- New functionality is required to decommission legacy systems
- New functionality is required to expand the SAP footprint in your organization
- Custom development is becoming too cumbersome to maintain and can be decommissioned by standard functionality in the new release
In short, there are likely to be several reasons why you want to upgrade and your organization has other considerations over and above those listed. By identifying the drivers for your upgrade you should be able to work out who most wants it to happen as well as those who are not supporters. On top of this you work out who has the most to gain from it in the short, medium and long term. All this is useful for putting together the pitch
SAP Technical Upgrade versus SAP Functional Upgrade
There is much discussion around the pros and cons of performing a technical upgrade versus performing a functional upgrade. To some extent I view this as a false choice: a technical upgrade is always going to involve some functional upgrade work – it is a matter of degree. (The only escape clause here might be if you have truly installed SAP with no custom code, but I have yet to find an installation with no custom code).
The big selling point of a technical upgrade is that it is the quickest option and the least intrusive. All true, but nonetheless you still need to go through the upgrade process several times to ensure it works without problems and you need to test the upgraded system to ensure that you can still run your business processes. Even an SAP system with limited amounts of custom code needs to report out on the custom code forcing you to do some work and make decisions about it. Typically the work and decisions have one of several possible outcomes:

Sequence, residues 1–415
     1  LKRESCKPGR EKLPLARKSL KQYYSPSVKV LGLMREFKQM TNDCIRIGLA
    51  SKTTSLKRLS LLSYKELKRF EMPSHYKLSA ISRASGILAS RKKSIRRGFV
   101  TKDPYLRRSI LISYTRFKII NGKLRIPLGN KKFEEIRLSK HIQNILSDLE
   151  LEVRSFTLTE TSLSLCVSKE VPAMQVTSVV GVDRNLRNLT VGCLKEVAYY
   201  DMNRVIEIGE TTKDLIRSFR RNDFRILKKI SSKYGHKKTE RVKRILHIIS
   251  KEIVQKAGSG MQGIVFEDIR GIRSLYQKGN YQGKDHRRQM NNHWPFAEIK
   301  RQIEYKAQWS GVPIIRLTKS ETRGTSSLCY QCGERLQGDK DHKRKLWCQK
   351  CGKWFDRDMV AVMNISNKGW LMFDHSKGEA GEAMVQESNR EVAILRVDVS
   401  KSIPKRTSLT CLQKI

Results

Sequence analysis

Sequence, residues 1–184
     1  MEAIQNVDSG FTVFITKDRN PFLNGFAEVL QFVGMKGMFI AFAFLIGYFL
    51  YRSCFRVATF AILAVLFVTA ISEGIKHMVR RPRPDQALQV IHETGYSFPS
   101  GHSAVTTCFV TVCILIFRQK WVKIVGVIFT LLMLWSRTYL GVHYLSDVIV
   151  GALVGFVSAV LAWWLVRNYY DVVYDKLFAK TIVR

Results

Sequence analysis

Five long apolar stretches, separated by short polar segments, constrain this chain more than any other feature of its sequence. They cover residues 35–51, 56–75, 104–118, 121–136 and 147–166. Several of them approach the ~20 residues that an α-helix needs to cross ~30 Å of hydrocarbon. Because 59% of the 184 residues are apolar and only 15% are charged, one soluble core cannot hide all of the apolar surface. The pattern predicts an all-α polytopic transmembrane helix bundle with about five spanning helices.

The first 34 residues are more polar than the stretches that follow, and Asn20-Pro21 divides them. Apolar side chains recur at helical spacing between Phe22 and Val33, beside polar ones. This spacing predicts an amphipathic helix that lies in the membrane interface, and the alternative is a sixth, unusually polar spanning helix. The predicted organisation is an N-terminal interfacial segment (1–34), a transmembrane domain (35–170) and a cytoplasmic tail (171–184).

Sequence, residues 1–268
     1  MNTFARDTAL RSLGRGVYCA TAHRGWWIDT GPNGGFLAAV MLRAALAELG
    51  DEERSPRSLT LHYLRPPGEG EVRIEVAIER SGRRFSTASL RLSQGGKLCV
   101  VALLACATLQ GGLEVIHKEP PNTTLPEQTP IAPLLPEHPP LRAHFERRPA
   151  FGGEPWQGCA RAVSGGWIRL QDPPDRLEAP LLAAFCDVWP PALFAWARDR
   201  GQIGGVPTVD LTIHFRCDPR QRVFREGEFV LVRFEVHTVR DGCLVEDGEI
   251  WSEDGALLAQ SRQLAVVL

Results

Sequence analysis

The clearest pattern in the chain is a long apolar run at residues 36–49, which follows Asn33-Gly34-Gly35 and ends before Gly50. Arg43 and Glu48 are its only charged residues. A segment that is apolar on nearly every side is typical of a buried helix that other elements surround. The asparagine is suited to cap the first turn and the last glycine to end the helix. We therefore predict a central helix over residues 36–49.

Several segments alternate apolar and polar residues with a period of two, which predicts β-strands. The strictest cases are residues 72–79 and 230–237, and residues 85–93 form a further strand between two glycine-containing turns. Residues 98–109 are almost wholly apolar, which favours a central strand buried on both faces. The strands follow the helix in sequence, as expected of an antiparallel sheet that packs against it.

- The custom code is still needed because the new release does not support the required functionality, hence you have to keep the code and test it with the new release.
- The custom code is no longer needed because the new release delivers the required functionality. Consequently, code is decommissioned and you have to test the standard process.
- The custom code has to be modified in some way to work with the new release. Again this leads to some testing and business process verification
Each custom object should fall into one of three buckets outlined above and this starts to identify work plans and activities.